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THE POTTERY OF SAN MARCOS TLAPAZOLA, OAXACA. PART II

 

It San Marcos Tlapazola it generally takes six days to take a vessel from clay to burnished and ready to fire. Each potter in a household might make 20-30 vessels in six days. And if there are six potters in the household, how many pots will they make in six days? Don’t bother with the math, just know that it’s enough to fill a kiln.

Except that there are no kilns in San Marcos. So how do they fire? I’ll tell you, just follow along….

 

 

Step 1). Candling. On firing day the pots are brought out into the sun at first light. They will sit there and soak up the rays for about 6 hours. This is candling, preheating the pots so they’ll be nice and hot, almost too hot to touch, before they are set in the “kiln”.

Step 2)  Building the “kiln”.  Around mid-day, when the sun is at its peak, the kiln, or firing space, is built. This is done in the courtyard. The first step is to build a corral like ring using old pots set upside down. The size of the ring defines the perimeter of the firing space and is adapted to the amount of pottery to be fired. If there are only a dozen pots to fire, the ring will be small, if there are several hundred the ring will be large. Call it flexible kiln sizing, it’s a cool trick! Then a layer of old tin is put down inside the ring to act as a floor. This step is optional, but serves to both reflect heat and keep soil vapor from potentially damaging the pots. On the tin is placed a single layer of firewood. The firing space is now ready.

 

 

 

 

Step 3) The tumblestack. Once the firing space is created the pots are “loaded” or stacked into the ring. The largest, round pots are set in first. They, like almost all the vessels, are loaded sideways or mouth down. In the image there are red burnished pots and tan pots. The tan pots are non-slipped, non-burnished vessels that will be sold to the piñata maker. After the initial layer of large pots is set in, smaller pots are placed on top of  them. Every person who made pots that will be fired also participates in the firing, so there can be 10 or more potters handling pottery and placing them on the stack. There are a lot of opinions on the right placement of pots and thus an ongoing dialog and debate is carried on among the potters as they build the tumblestack.

 

 

Step 4) The Flame Up. As the last pots are being set in place, someone will come from the kitchen with a shovel full of embers and drop them among the pottery in a variety of places. Slowly fires will be ignited in the layer of basewood. Meanwhile the potters will cover the top of the stack with another layer of tin. Again, this is an optional step, and most potters don’t bother with it. The primary function is to keep coals and embers from settling on the pottery and leaving burn marks. The potters in this household prefer their pottery unmarred.

 

 

Wood is then placed on top of the tin. All variety of wood is used, from thick branches of oak to the dried leaves of agave plants, cow manure and dried corn cobs. Soon the fuel ignites from below and the bonfire builds to a crescendo. As the flames grow the potters watch for hot and cool spots. They will add fuel where needed and use long sticks to shift the fuelwood around. The flame up lasts about 25 minutes and the fire is tended constantly during this period. The internal temperature goes from that of sun heated pots to about 700F in under 10 minutes, then the heat slowly inches up as the wood turns into a mass of red hot coals. Just about when the fuel has flamed out and turned to ember the firing reaches it’s peak heat, which can vary from a low of 700F to about 1,200F.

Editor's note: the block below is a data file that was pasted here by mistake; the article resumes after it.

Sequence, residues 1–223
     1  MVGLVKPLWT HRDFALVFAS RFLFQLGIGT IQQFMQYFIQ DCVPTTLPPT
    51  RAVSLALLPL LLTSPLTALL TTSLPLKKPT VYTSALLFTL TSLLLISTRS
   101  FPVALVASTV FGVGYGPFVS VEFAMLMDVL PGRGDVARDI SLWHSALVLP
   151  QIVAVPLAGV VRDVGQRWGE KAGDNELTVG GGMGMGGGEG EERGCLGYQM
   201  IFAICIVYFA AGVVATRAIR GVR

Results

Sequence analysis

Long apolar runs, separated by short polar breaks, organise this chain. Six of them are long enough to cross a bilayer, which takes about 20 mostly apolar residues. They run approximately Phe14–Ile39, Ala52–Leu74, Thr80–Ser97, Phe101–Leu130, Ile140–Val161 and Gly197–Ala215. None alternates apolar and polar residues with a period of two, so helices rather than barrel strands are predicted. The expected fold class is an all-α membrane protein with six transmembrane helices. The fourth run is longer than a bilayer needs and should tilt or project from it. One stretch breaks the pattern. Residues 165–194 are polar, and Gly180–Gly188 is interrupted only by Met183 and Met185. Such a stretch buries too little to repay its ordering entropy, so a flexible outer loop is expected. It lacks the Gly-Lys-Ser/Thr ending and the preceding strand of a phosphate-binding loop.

Step 4) The Flame Down. Once the fuel has burned out and the flames begin to diminish, the fire is mostly left to run its course. There will be some tending as coals are moved around to compensate for cool spots, particularly on the windward side of the stack. But otherwise the potters will now sit back in the shade and mop their brows. In another 30 minutes or so the fire will have burned down completely to white and black ash. The potters will already have a pretty good idea at this point of how their wares fared, for they will have heard the popping of pots during the firing if there was going to be breakage. In fact there seldom is and the bulk of firings have no breakage at all.

 

Step 5).  Unloading. Unloading can either happen the next day when everything has cooled down, or often enough, about an hour and a half after the fire was started. It is trickier to unload a hot stack, as each of the pots has to be plucked out with tongs or metal hooks, but is sometimes necessary because of threat of rain, or the need to have the pots ready for a client or to take to the market in short order.

Unloading a hot kiln is something like playing pick up sticks, as each vessel is oh so gingerly plucked from the stack and set down to cool. In this image two potters use tongs to remove the pottery. The tongs are actually BBQ tongs brought down by a US visitor, and they make the job easier. More commonly, a piece of rebar is used to hook the edge of the pot and it is lifted out with intense concentration and set on the ground. But I’ve never seen a potter drop a vessel. Once unloaded and dusted, the pots are ready to go.

Traditions Mexico Oaxacan Clay Workshop
January 3 -11, 2009

For more images of the San Marcos pottery-making process, see our slide show

 

 

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